Whatever the outcome was for the mothers of preemies, World Prematurity Day is certainly a day that they do not forget. So whether you are a parent or relative of a preemie, know someone who is, or have been fortunate enough to have never have given this day a second thought, close your eyes today and say a prayer for those children currently fighting for their life in a hospital, too young to know the severity of their situation or the pain in their mother's heart, thank God for those babies who beat the odds and have fought the hard battle and have a prosperous life now, ask for strength for those babies who survived but struggle daily with the effects of their prematurity, and ask God to continue to watch over those precious babies that are now angels with him. Today is about bringing awareness to the world about the very thing that makes the world what it is - life. Let us all be reminded today that the miracle of life is just that, a miracle.

Below are some stories of local mothers sharing their experiences of having given birth to a premature baby...

"When my daughter Isabella was born prematurely at 33 weeks, I felt robbed of the joy I had experienced with the births of my other three children. I felt like a first time mom, not knowing all the NICU lingo and nuances of taking care of a preemie. All the tubes and incubators intimidated me. I was in the hospital 18 days before I delivered because of leaking amniotic fluid. Isabella spent 5 days in the NICU and 14 total days in the hospital. She only weighed 3 lbs 15 oz at birth. The thing I learned about prematurity is that is doesn't go away after the first few months. Isabella was delayed in all her milestones and received therapy for three years. Today, Isabella still amazes me how far she's come, and still has that fighting spirit she gained in the NICU. 'If it doesn't challenge you, it won't change you.'"

- Hollie Adams, mother of Isabella Adams, born at 33 weeks.

"Our preemie experience included two months of bed rest, an emergency C-Section at 32 weeks, a helicopter ride for Levi and 31 days in the NIC Unit at MaGee-Womens Hospital. Levi Bo weighed 2.6 lbs and was 13 inches long at birth. What all of tests, doctors or the wonderful team of nurses could not measure was his irresistible force of will. Today, Levi is a healthy six-year-old. He is still small in stature, but his personality and spirit are legendary. He is the toughest kid we know and he inspires us daily.'"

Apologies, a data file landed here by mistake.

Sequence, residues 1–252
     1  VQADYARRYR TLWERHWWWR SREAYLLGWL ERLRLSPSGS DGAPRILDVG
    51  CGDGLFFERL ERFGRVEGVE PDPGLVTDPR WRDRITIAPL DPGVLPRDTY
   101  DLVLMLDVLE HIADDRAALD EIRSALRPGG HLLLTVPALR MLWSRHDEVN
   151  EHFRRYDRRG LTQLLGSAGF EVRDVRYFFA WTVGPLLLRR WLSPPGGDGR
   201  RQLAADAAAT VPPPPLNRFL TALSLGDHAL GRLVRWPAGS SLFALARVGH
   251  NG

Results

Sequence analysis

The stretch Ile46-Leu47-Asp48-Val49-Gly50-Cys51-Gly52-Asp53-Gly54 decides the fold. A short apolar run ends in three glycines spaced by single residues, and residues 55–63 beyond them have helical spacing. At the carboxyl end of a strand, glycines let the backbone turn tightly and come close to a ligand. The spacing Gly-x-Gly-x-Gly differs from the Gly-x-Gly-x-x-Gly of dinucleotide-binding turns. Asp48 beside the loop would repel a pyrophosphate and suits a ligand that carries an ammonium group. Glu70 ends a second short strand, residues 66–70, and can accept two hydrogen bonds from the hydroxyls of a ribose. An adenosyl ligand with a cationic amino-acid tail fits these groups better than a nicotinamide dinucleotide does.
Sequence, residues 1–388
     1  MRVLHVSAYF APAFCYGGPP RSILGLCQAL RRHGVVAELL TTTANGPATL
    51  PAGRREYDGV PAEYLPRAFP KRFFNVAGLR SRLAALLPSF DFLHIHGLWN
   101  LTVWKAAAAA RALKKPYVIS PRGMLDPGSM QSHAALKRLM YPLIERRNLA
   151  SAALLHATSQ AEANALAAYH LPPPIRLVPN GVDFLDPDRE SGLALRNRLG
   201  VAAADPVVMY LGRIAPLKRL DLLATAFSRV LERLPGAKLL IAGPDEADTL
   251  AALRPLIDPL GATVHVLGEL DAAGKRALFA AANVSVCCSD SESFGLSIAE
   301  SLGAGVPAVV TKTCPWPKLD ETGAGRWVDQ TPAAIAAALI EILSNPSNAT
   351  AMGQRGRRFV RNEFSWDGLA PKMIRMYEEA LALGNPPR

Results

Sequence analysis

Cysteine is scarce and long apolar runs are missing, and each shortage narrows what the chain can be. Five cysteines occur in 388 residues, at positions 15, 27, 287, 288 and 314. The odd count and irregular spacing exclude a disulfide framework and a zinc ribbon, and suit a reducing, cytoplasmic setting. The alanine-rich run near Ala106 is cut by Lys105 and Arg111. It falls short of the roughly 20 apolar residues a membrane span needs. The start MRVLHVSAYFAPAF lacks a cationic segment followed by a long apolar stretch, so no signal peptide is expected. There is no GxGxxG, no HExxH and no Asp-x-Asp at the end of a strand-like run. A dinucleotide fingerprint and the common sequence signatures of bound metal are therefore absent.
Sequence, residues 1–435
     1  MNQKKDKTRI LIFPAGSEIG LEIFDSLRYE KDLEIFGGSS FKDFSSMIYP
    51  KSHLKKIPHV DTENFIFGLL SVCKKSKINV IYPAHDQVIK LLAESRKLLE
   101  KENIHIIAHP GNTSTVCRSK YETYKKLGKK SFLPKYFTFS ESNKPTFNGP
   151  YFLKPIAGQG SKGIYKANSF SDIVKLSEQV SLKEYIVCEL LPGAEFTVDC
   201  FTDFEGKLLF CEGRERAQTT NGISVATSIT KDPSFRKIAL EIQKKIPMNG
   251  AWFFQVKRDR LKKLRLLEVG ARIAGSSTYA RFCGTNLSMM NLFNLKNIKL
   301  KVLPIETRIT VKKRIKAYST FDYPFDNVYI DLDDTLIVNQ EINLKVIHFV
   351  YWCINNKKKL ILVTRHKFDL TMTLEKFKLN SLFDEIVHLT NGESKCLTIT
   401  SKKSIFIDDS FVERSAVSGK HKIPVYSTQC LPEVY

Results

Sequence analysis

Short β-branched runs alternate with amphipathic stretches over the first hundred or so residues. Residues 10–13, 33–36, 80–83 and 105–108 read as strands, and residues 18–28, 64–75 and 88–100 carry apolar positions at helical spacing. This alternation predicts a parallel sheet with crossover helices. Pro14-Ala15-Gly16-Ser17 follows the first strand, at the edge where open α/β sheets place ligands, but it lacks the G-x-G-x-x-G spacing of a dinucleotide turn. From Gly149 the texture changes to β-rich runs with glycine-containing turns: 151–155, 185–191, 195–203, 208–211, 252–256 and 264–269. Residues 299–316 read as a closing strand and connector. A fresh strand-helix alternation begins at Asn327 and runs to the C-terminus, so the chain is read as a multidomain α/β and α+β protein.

- Heather Rine, mother of Levi Rine, born at 32 weeks.

"On April 15, 2014, our little Paige was born. She weighed 2 lbs, 2.5 ounces, and was 14 inches long. She was born 13 weeks prematurely and was in the NICU for 66 days. Those 66 days were the hardest days of my life as I wondered what battles, if any, we would face on this journey. Though my husband and I struggled, we received support not just from family and friends, but also from the nurses and physicians at the NICU. One of Paige's doctors told us that "the more active and involved the parents are, the better the baby does." As we continued to play an active role, Paige grew stronger and developed into the healthy, happy baby she is today. We brought her home from the hospital at 37 weeks gestation which the doctors considered an amazing feat. Paige is our little miracle and fighter.'"

- Colleen Touvelle, mother of Paige Touvelle, born at 27 weeks.

"I could have never been prepared for having a child born at 31 weeks. But there was Claire, born on the evening of my baby shower. She was so tiny weighing just 3 lbs. Once I got to hold her the next day and seeing just how tiny she was I knew we had a long road ahead. Claire spent two months in West Penn NICU before coming home. Not knowing what the next day would bring, myself and my husband Philip spent weeks at her bedside living the up and downs of the NICU roller-coaster, a scary and defining experience that jolted us into parenthood.'"

- Stefanie Trouten, mother of Claire Trouten, born at 31 weeks.

"Nothing can prepare a family for the birth of a preterm baby, and in our situation, we were taken by complete surprise as we welcomed our son five weeks early. After giving birth to a nearly 9 lb, healthy, full-term daughter four years prior, having a baby with undeveloped lungs was the furthest thing from my mind, yet one morning I underwent surgery while saying good-bye to an intubated baby before he was flown in a helicopter to a hospital an hour away. Diagnosed with respiratory distress syndrome, he lived several days before I could hold him in my arms, yet this was an unforgettable eternity for a mother. Our family and friends held us together during a protracted period of touch and go, and we were the lucky ones who got to leave the NICU, after a 10-day stay, with a boy who's now doing great. Yet the unspoken bond I felt with the other mothers of preterm babies is still with me today as I pray for NICU babies and parents. A mother of a preemie is forever changed by her experience. The child will never remember, but the mother will never forget.'"

- Jessi Zatezalo, mother of Adam Zatezalo, born at 35 weeks